Prime Minister Theresa May announced a significant shift in her Brexit trajectory, committing to three days of indicative votes which will steer the course of her government’s policy approach. The PM had to delay her meaningful vote to March 12th because no legal concessions on the backstop have been achieved. Should her deal be defeated again, MPs will be asked to vote on endorsing a No Deal Brexit. Furthermore, the Prime Minister finally bowed to pressure from ‘remainer’ cabinet ministers and announced that the House of Commons would vote on whether or not to extend Article 50 on March 14th, at the latest.
Any request by the UK for an extension would require the unanimous support of the other EU 27 leaders. While welcoming any such request from the British, President Macron and Chancellor Merkel noted that the EU could only endorse an extension if there was a clear plan or purpose expressed by the UK. Spain’s Prime Minister Pedro Sánchez added that an extension of Article 50 would come with conditions.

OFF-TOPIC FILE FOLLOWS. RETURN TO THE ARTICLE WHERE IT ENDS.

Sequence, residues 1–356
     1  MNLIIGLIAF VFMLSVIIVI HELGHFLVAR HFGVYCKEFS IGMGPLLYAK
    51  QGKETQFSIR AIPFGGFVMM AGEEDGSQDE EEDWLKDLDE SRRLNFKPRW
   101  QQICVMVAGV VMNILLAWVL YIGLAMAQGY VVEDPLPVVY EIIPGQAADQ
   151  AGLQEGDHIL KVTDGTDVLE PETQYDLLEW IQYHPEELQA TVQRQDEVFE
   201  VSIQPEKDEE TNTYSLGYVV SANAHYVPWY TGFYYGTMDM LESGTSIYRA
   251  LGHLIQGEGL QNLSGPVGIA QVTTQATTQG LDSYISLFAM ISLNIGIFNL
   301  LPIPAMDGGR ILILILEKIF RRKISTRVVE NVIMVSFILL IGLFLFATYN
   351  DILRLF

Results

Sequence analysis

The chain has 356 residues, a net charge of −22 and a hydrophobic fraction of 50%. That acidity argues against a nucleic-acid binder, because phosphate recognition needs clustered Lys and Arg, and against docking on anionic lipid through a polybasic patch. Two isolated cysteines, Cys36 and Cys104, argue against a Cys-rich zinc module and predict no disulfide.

The Labour Party also moved the pendulum on its Brexit strategy with Jeremy Corbyn formally announcing his party’s support for a second referendum. With Labour’s amendments on its Brexit plan defeated in the House of Commons on Wednesday, the decision to endorse a second public vote is likely to cause an additional obstacle in forming a consensus view on the eventual construct of a Withdrawal Agreement.